Certain connoisseurs consider it outrageous to drink a young Yquem and believe that opening such a monumental wine before its thirtieth birthday is tantamount to a sacrilege. Others, on the contrary, think that Yquem can be enjoyed at all stages in its life.
Chateau d`Yquem is often described as the greatest sweet wine in the world. After centuries of family ownership, Yquem was was bought by Louis Vuitton-Moët-Hennessy in 1999. Its former owner and director Alexandre de Lur-Saluce remains in charge. Yquem is located on the highest hill in Sauternes and enjoys the best growing conditions in the whole appellation. The 110-hectare vineyard is planted with 80% Sémillon and 20% Sauvignon Blanc. Only fully botrytized fruit is picked by the 150 highly skilled pickers and yields are so low that each vine produces only one glass of wine. Yquem is fermented in oak barrels (100% new) and is left in barriques to mature for up to 36 months. Intensely opulent when young, Yquem develops an extraordinary complexity and exotic richness when fully mature, with the best vintages lasting for over 50 years. Château d'Yquem is classified as a 1er Cru Classé supérieur.
Château d’Yquem—three from 1787 and three from 1784. One of the bottles of 1784 Yquem was the centerpiece of a wine tasting organized last year by Mr. Rodenstock for an international circle of wine connoisseurs and collectors, including Michael Broadbent, the director of Christie’s wine department. “The 1784 that I tasted was soft, still sweet, and without fault,” Mr. Broadbent told us when we visited him in his office the day before the sale. His tasting note, made at the time, is more lyrical: “Color is perfect old amber, bright and lively; bouquet perfect! Unbelievable. Scented vanilla and blancmange. On the palate, still sweet, with perfect weight, balance, and acidity. Dry finish. Flavor of peaches and cream.” How well the 1787 Yquem has stood up over two centuries will become known next year, when Mr. Rodenstock plans to open a bottle of it at a tasting that he has arranged to put on at Monticello.
Jefferson was not only very fond of wine, Mr. Broadbent told us, but a great believer in its social value. “No nation is drunken where wine is cheap,” Jefferson wrote to a friend, and throughout his life he argued consistently for low tariffs on wine, on the ground that “it is, in truth, the only antidote to the bane of whiskey.” His knowledge of wine was significantly broadened during the four years he spent as Minister to France, though he hardly went there as an oenological novice. Jefferson fell in love with France—its culture, its political philosophy, its cuisine, and its wines, which for the first time he was able to taste at their best. In 1787, he made a tour of the French wine regions and, with typical thoroughness, classified the various growths; those he named as being of the first quality were (in modern spelling) Margaux, Latour, Haut-Brion, Lafite, and Yquem. During his visits to the vineyards, Jefferson made it his business to become acquainted with the proprietors and to arrange to buy directly from them rather than from wine merchants.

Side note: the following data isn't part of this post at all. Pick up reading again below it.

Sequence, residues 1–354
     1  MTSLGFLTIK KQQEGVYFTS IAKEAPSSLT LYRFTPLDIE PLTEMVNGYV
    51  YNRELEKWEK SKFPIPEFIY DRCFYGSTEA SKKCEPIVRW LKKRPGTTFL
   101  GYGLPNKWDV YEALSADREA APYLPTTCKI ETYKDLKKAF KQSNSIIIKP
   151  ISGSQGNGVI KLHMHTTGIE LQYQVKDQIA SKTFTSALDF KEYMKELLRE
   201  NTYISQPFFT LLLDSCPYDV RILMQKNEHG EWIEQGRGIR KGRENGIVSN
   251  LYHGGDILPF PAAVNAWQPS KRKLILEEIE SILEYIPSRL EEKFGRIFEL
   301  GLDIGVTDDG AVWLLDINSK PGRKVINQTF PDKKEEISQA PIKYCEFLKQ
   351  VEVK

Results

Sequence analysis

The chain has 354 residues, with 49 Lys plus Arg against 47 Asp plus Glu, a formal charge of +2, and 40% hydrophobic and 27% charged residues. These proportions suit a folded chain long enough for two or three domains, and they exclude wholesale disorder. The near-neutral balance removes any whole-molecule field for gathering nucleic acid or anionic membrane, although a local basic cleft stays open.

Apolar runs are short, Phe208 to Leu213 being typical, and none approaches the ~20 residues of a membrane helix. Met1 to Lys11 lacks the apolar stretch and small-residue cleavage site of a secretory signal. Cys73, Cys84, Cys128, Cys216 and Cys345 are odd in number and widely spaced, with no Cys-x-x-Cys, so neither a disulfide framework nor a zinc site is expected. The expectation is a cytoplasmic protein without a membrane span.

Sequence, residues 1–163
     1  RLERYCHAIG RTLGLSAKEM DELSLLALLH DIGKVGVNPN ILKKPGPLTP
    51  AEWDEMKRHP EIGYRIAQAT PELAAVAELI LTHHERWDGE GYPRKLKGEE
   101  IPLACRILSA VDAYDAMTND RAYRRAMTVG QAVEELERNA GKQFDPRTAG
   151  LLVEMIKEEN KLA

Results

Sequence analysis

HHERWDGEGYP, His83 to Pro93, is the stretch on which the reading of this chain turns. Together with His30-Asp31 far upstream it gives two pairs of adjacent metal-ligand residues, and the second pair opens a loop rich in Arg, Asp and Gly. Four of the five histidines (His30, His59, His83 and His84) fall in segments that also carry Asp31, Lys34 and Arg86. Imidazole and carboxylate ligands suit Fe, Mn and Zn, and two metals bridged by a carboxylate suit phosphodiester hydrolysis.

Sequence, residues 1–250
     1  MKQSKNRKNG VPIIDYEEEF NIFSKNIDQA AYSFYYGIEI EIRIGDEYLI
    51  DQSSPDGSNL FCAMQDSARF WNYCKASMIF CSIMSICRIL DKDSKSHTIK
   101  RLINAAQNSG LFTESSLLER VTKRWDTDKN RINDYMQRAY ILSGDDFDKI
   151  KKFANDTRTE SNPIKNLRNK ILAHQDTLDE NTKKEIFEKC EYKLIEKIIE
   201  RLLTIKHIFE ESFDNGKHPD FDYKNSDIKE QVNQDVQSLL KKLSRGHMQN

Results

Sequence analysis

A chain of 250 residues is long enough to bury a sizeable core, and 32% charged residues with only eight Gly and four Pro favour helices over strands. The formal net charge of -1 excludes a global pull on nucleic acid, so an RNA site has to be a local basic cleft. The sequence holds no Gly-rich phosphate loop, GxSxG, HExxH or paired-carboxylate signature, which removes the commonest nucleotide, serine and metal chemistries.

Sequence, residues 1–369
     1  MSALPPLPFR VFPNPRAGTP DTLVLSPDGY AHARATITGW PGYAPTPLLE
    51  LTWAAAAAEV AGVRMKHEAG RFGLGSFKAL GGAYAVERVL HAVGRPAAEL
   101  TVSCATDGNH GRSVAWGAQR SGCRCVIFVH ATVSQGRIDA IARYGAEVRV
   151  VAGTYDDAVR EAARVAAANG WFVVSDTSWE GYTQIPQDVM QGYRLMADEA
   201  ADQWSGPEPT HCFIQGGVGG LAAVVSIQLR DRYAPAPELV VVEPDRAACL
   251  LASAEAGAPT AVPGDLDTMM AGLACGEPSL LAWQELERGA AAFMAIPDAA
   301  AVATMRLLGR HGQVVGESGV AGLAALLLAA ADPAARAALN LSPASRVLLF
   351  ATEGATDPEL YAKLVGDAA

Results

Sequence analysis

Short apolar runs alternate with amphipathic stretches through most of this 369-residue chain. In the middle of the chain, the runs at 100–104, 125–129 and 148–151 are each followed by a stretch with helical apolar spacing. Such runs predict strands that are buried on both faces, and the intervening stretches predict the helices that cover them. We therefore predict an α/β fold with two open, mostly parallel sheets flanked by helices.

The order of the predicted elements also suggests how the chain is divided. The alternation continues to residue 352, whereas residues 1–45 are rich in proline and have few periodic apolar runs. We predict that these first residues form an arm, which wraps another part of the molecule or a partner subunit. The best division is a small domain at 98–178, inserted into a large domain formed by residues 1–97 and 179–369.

After returning to America and accepting the post of Secretary of State in President Washington’s Cabinet, Jefferson continued to buy wine directly from French vineyards, employing as his shipping agents Fenwick Mason & Company, in Bordeaux. (Joseph Fenwick was United States Consul there.) In September, 1790, Jefferson sent off letters to a number of château owners for a considerable amount of wine for Washington and for him, the lots to be identified with the initials “G.W.” and “T.J.,” respectively. According to an impressive amount of written evidence (Jefferson saved the letters he received and copies of those he wrote) collected by Mr. Broadbent, the “1787 Lafitte Th. J.” coming up for sale was part of the September, 1790, order. “Of course, there is no proof,” Mr. Broadbent said. “What we can say with certainty, on the advice of Hugo Morley-Fletcher, who is our glass expert here, is that the bottle is of the correct age. Also that the lettering and wheel engraving on the bottle are absolutely right for the period. The cork appears to be original, and the cork of a bottle of 1787 Yquem found in the same cellar has been analyzed in a German laboratory and proved to be original. Furthermore, we have circumstantial evidence—masses of it—supporting the ordering of this wine and its identification. That’s about it.”